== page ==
Thursday, September 17, 2015

Negotiating Meaning in Conversation

Some years ago reading William Croft (Explaining Language Change) convinced me that we negotiate meaning in ordinary conversation. Now we've got some empirical evidence on just how this is done, thought that's not how the authors frame their research. 

They frame it as repair of communication, which is fine. But surely one of the reasons for "repair" – which seems to happen every 90 seconds on average – is that meaning isn't clear. It must thus be clarified. That's negotiation, for the most part small scale and routine, but it's the back-and-forth that counts.

Seán Roberts summarizes the research in a post at Replicated Typo. From his summary:
In this paper, a team of linguists looked at over 2000 cases of problems with communication in 12 languages.  On average, people have a problem with understanding every 90 seconds! The team coded each instance and found that the same 3 basic tools were used in each language:
• Open Request: Signalling a problem with the whole utterance (Huh?)
• Restricted Request: Asking for clarification of a part (Go where?)
• Restricted Offer: Asking for confirmation of what was heard (Go between them?)
Each tool is increasingly specific about the source of the problem, but takes longer on average to produce.  This means that the amount of work to repair the problem is shared between the speakers. 
The full article is published in PLoS ONE 10(9):

Universal Principles in the Repair of Communication Problems

Mark Dingemanse, Seán G. Roberts, Julija Baranova, Joe Blythe, Paul Drew, Simeon Floyd, Rosa S. Gisladottir, Kobin H. Kendrick, Stephen C. Levinson, Elizabeth Manrique

Published: September 16, 2015 • DOI: 10.1371/journal.pone.0136100

Abstract: There would be little adaptive value in a complex communication system like human language if there were no ways to detect and correct problems. A systematic comparison of conversation in a broad sample of the world’s languages reveals a universal system for the real-time resolution of frequent breakdowns in communication. In a sample of 12 languages of 8 language families of varied typological profiles we find a system of ‘other-initiated repair’, where the recipient of an unclear message can signal trouble and the sender can repair the original message. We find that this system is frequently used (on average about once per 1.4 minutes in any language), and that it has detailed common properties, contrary to assumptions of radical cultural variation. Unrelated languages share the same three functionally distinct types of repair initiator for signalling problems and use them in the same kinds of contexts. People prefer to choose the type that is the most specific possible, a principle that minimizes cost both for the sender being asked to fix the problem and for the dyad as a social unit. Disruption to the conversation is kept to a minimum, with the two-utterance repair sequence being on average no longer that the single utterance which is being fixed. The findings, controlled for historical relationships, situation types and other dependencies, reveal the fundamentally cooperative nature of human communication and offer support for the pragmatic universals hypothesis: while languages may vary in the organization of grammar and meaning, key systems of language use may be largely similar across cultural groups. They also provide a fresh perspective on controversies about the core properties of language, by revealing a common infrastructure for social interaction which may be the universal bedrock upon which linguistic diversity rests.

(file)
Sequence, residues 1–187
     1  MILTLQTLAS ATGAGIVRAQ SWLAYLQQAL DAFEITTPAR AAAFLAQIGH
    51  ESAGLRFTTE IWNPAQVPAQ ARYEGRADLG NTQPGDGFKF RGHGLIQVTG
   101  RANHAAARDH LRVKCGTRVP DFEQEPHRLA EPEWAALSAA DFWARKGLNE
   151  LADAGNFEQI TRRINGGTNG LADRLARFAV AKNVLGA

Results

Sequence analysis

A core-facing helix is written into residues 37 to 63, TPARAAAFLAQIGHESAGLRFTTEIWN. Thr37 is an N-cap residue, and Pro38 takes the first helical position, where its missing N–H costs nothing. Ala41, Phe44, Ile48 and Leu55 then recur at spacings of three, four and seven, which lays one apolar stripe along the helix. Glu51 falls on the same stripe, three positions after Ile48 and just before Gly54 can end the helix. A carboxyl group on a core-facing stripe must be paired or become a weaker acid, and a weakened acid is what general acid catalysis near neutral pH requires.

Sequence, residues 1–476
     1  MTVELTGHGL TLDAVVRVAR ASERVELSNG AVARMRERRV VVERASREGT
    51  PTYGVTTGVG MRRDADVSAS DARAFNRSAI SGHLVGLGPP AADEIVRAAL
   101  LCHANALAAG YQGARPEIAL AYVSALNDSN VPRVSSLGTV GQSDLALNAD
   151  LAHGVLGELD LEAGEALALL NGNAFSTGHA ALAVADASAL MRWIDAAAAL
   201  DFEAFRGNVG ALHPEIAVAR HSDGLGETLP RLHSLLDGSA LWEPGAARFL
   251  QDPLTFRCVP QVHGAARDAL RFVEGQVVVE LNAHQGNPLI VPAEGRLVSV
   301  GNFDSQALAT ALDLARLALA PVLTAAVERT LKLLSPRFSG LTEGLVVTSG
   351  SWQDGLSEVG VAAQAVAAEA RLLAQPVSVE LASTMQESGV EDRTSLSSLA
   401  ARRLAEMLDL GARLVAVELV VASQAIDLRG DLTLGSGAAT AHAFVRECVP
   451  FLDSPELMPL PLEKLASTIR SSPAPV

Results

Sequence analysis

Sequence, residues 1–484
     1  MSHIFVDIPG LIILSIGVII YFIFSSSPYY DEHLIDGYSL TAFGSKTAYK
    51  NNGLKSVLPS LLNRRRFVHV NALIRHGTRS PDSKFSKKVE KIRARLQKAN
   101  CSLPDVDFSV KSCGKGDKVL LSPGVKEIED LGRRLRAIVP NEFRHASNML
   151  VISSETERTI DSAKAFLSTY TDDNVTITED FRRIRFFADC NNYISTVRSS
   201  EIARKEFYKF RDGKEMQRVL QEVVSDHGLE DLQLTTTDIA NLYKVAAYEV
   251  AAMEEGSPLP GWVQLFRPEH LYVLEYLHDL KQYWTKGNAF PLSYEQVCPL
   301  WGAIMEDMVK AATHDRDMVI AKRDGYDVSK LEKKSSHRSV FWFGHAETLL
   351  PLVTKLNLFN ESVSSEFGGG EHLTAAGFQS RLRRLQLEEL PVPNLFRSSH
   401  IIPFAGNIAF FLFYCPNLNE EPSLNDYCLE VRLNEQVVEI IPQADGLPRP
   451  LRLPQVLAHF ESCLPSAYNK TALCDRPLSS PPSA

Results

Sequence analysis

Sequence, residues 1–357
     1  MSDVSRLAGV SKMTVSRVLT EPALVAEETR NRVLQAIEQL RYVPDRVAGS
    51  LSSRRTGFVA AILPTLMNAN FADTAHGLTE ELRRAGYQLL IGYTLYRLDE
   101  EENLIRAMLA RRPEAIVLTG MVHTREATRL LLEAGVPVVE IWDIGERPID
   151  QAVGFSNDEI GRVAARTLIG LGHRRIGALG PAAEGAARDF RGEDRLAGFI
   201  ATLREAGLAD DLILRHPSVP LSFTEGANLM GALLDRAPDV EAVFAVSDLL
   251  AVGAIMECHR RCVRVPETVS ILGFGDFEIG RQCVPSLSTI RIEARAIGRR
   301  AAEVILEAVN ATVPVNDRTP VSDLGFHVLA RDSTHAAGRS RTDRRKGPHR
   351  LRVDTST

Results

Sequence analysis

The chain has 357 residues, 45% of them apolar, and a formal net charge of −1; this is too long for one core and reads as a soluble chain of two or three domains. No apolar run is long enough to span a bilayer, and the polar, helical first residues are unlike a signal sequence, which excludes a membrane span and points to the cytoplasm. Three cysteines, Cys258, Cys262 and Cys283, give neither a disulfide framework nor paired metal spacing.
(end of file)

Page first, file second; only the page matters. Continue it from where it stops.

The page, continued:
1. The systematic study of conversation repair dates back at least to the mid-70's (as some of the citations in the paper acknowledge) when conversation analysts such as Sacks, Schegloff and Jefferson first started their very close analyses of ordinary talk. Conversation analysts eschewed statistical study, for the most part, since the features they studied were overwhelmingly observable. They focused, instead, on how the mechanisms they uncovered (conversation repair among them) served the ongoing negotiation of the collaborative effort of social talk. These concerns originated in Harold Garfinkel's ethnomethodology, which is devoted to the study of the social negotiation of shared meaning:
    "Ethnomethodology required sociologists to attend to the moment-by-moment processes by which social action was constituted, and gave a quite new salience to the present participle - 'doing',' accomplishing', 'bringing off', 'glossing' - as a descriptor of social behaviour, because of ethnomethodological concern to grasp the ongoing constitution of social phenomena in real time. This insight led to the view that the 'order' of shared or 'typified' meanings is a precarious one, requiring continuously to be 'accomplished' and 'negotiated' by competent social actors if it is to survive." ( )
    The paper you cite brings statistical confirmations and broadens the domain of observation to twelve languages (both of which are very valuable contributions, IMHO) but we've had "empirical evidence on just how this is done" for quite a while now.

  2. @Bill, thanks for this. In other work coming out of this project we frame things more explicitly in terms of negotiating meaning, e.g. in papers in Studies in Language (, esp. pp. 8-10) and Open Linguistics (